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Dipole, Quadrupole, and Multipole Magnetic Fields - Windows to the Universe

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Bar magnets have two poles. They produce dipole magnetic fields. Magnetic fields can have more than two poles - quadrupole fields have four.
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Original artwork by Windows to the Universe staff (Randy Russell).

Dipole, Quadrupole, and Multipole Magnetic Fields

You are probably familiar with bar magnets. Bar magnets have two magnetic poles - north and south. The magnetic field around a bar magnet is called a dipole ("two poles") magnetic field. Bar magnets are not the only objects capable of creating dipole fields. Electricity flowing through a coiled wire can generate a dipole magnetic field. The magnetic fields of some planets, including Earth, are "more or less" dipole fields.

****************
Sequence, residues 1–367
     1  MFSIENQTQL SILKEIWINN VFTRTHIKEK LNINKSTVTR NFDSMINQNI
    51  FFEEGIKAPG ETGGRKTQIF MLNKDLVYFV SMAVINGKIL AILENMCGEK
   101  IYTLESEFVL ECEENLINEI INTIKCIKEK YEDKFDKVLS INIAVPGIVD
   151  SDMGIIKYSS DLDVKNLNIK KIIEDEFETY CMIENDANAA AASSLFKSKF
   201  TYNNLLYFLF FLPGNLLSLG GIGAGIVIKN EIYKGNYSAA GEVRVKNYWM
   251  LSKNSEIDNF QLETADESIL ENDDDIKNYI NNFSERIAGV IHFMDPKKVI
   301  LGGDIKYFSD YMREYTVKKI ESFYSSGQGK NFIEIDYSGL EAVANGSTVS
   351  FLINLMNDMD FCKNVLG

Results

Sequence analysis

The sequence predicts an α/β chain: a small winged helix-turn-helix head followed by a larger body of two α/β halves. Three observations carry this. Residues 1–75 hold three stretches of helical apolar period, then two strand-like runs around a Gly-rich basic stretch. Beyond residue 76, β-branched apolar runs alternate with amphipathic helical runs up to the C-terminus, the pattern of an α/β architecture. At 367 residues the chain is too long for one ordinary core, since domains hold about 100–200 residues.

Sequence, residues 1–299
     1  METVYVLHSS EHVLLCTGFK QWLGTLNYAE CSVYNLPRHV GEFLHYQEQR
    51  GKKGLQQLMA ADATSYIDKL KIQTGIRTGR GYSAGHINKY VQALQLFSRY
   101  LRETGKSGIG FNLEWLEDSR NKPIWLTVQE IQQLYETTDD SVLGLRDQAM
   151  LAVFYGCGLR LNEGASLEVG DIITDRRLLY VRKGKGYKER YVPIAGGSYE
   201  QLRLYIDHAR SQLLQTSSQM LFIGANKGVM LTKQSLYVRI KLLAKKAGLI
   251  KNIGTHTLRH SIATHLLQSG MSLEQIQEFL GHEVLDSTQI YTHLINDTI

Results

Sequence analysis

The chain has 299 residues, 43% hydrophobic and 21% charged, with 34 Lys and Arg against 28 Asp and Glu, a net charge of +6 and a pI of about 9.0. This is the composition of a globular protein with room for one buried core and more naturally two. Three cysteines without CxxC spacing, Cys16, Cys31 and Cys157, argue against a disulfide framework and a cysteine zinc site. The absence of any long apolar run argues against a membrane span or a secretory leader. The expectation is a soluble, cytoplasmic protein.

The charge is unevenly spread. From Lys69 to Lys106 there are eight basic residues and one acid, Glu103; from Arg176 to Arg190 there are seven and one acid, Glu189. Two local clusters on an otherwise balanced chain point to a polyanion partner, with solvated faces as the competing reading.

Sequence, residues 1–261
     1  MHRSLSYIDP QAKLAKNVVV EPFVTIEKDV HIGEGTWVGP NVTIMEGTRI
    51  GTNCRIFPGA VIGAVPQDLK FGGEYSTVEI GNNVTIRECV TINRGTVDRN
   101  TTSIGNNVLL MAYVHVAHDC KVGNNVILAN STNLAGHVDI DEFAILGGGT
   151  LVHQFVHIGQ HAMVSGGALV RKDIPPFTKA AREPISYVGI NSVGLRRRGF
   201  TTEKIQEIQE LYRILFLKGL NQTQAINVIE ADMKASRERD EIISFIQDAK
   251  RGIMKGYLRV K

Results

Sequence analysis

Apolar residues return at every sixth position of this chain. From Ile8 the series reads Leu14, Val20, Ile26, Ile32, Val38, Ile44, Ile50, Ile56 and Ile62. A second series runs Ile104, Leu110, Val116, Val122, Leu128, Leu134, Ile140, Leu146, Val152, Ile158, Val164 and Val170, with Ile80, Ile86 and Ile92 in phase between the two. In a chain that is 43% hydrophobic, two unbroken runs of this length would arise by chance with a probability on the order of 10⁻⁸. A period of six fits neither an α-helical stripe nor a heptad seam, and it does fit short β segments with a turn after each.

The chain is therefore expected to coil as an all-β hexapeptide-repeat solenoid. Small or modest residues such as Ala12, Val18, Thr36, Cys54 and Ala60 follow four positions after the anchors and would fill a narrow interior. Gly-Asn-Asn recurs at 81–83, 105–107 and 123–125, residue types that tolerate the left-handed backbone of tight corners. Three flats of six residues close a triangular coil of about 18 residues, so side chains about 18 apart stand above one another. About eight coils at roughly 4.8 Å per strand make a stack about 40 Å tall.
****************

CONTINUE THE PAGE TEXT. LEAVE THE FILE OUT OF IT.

Dipoles are not the only shape magnetic fields come in. Quadrupole fields (four poles) are fairly common. Sometimes magnetic fields have six or even eight poles (an octupole!). Any field with more than two poles is called a multipole field.

Many astronomical objects have magnetic fields that are pretty much dipoles. However, some objects have complex magnetic fields that are a combination of a dipole and one or more multipole fields. The magnetic fields of Earth and Jupiter are strongly dipolar, with only minor multipole contributions. However, the quadrupole elements of the magnetic fields of Uranus and Neptune are similar in strength to their dipole portions.

Last modified May 5, 2009 by Randy Russell.

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Windows to the Universe, a project of the National Earth Science Teachers Association, is sponsored in part by the National Science Foundation and NASA, our Founding Partners (the American Geophysical Union and American Geosciences Institute) as well as through Institutional, Contributing, and Affiliate Partners, individual memberships and generous donors. Thank you for your support! NASA AGU AGI NSF